by Steven Ertelt
March 17, 2008
Washington, DC (LifeNews.com) — The polls continue to be good to John McCain and he may be benefiting from a Democratic primary race that is growing increasingly negative and appears to have no end in sight. New surveys show McCain leading nationally and have him head in the crucial battleground states of Ohio and Florida.
The survey results in those two states follow on polls from last week showing him leading in Michigan and Pennsylvania, two other states that could decide the election in November.
According to a new Rasmussen tracking poll released Sunday, McCain leads pro-abortion candidate Barack Obama 47-43 nationwide with 10 percent of voters undecided. He’s ahead of Hillary Clinton 46-43 percent with 11 percent undecided.
A new Gallup tracking poll shows similar results, with McCain topping Obama 47-44 percent but tied with Clinton at 46 percent apiece.
Looking at the battleground states, Rasmussen’s poll of Florida voters released on Sunday has McCain leading Obama 47-43 percent and further ahead of Clinton at 47-40 percent.
And in Ohio, Rasmussen shows McCain leading Obama 46 to 40 percent with 14 percent undecided. He is in front of Clinton by the same percentages.
Polls of voters from California, New York, and Connecticut released over the weekend show the Democratic candidates winning, but those are states that have gone Democrat in the last presidential elections.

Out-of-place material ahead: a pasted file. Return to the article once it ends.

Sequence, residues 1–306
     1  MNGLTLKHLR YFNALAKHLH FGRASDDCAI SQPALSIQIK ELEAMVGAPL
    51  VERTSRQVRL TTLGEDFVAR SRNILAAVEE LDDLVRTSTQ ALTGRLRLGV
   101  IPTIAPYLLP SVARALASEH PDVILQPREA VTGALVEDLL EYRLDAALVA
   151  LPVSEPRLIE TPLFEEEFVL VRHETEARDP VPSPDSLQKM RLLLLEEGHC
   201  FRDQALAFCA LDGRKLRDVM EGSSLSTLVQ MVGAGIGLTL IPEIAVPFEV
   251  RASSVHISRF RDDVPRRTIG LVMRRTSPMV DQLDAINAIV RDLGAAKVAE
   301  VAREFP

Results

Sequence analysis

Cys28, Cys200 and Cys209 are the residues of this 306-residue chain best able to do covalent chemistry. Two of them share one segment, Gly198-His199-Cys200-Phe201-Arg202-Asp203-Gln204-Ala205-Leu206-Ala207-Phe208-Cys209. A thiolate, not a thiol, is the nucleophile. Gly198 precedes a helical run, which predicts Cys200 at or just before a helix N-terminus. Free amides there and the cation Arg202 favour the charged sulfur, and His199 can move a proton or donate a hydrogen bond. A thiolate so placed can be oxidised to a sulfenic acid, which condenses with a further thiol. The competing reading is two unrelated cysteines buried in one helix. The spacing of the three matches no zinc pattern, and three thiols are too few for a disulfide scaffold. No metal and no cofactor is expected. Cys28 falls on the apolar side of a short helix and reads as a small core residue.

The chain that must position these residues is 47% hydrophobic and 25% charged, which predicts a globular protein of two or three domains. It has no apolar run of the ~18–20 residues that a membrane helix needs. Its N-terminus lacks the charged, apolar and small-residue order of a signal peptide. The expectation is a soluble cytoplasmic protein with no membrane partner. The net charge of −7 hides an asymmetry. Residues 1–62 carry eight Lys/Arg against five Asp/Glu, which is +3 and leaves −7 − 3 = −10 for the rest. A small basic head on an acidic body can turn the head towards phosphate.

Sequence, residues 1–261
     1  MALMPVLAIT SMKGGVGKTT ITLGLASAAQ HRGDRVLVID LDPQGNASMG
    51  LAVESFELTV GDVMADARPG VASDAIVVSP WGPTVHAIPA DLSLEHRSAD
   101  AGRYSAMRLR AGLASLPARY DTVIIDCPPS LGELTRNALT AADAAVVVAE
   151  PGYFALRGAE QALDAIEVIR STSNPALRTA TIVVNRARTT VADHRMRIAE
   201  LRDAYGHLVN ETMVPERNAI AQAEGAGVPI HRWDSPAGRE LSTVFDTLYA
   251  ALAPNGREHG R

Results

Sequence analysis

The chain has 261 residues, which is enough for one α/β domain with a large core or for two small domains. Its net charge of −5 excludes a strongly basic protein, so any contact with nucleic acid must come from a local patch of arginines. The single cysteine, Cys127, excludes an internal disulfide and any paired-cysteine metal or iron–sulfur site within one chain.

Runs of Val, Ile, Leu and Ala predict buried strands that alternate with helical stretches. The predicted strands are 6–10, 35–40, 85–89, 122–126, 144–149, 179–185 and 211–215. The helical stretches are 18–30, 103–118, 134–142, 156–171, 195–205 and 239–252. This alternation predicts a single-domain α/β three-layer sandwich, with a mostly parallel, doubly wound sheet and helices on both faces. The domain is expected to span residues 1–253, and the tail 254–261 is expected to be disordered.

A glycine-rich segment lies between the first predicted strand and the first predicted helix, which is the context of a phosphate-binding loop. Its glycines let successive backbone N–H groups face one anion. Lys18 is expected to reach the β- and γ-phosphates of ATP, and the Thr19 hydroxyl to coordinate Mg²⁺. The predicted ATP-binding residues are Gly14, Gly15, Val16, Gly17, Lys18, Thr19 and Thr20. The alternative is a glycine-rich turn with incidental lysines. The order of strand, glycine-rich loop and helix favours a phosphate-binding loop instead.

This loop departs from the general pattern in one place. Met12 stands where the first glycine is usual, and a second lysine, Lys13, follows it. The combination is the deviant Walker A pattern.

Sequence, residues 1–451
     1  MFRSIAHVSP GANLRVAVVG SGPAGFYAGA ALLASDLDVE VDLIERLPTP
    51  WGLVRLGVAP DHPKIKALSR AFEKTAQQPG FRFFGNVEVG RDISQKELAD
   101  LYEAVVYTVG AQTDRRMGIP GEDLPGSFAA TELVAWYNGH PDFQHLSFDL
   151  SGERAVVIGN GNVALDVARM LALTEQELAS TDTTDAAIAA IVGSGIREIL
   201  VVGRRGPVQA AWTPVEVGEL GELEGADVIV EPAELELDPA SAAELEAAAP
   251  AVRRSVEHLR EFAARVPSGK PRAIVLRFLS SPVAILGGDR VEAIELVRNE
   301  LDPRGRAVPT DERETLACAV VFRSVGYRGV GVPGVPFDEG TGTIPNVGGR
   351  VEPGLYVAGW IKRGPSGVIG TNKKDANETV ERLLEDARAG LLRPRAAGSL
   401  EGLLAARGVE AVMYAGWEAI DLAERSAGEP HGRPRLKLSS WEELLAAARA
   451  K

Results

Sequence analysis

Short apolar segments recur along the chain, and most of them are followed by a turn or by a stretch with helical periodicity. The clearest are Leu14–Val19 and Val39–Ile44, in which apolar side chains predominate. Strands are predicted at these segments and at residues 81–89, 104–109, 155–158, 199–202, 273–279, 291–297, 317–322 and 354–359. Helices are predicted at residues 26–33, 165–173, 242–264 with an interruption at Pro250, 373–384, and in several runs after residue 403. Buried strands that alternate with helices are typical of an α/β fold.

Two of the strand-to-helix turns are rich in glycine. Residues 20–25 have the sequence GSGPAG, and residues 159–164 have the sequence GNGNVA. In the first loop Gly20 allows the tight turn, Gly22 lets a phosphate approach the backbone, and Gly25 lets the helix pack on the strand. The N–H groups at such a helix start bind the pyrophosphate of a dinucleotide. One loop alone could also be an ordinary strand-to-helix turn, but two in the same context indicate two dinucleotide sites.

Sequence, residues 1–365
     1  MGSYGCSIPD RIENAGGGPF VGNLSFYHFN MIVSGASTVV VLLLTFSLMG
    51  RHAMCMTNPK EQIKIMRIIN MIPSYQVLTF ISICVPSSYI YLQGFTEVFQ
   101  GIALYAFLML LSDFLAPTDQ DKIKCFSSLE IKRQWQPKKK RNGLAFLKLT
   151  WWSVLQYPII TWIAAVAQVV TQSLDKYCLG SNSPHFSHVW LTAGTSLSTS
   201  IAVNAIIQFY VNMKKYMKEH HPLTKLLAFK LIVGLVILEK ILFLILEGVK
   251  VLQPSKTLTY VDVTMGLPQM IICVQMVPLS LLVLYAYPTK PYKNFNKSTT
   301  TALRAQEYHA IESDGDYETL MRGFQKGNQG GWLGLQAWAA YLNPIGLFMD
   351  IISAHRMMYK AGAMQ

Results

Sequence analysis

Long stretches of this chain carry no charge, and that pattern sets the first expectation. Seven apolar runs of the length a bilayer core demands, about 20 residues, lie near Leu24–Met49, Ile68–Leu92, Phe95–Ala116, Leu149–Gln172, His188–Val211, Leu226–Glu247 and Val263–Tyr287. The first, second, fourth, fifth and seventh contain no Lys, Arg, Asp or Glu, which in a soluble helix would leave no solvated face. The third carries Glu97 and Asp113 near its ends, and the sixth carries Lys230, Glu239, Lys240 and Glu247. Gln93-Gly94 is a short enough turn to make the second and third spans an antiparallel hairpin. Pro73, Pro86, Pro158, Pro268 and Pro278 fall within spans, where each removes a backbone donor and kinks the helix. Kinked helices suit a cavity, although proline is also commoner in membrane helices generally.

Meanwhile, a poll from the University of Central Arkansas points to an interesting phenomenon.
While McCain leads Obama there by a healthy 16 percent margin, he trails Clinton 51 to 36 percent in the state where her husband was the former governor and attorney general. That could make the souther state, which typically votes Republican, a key target if Clinton becomes the nominee.
Last week, a survey by the Strategic Vision polling firm found McCain leading Clinton in Pennsylvania by a 48-42 percentage point margin and ahead of Obama 47-44.
Rasmussen has the race closer with McCain ahead of Clinton 46-44 and ahead of Obama 46-43 while a Susquehanna poll shows McCain leading Obama 45-41 but trailing Clinton 47-44.
In Michigan, Rasmussen has McCain leading Obama 44-41 and ahead of Clinton 46-43.
Should McCain go on to win both states, which went for John Kerry in 2004 and Al Gore in 2000, the victories would make it very likely he would win the presidency as long as he can hold on the traditional Republican base in southern and western states.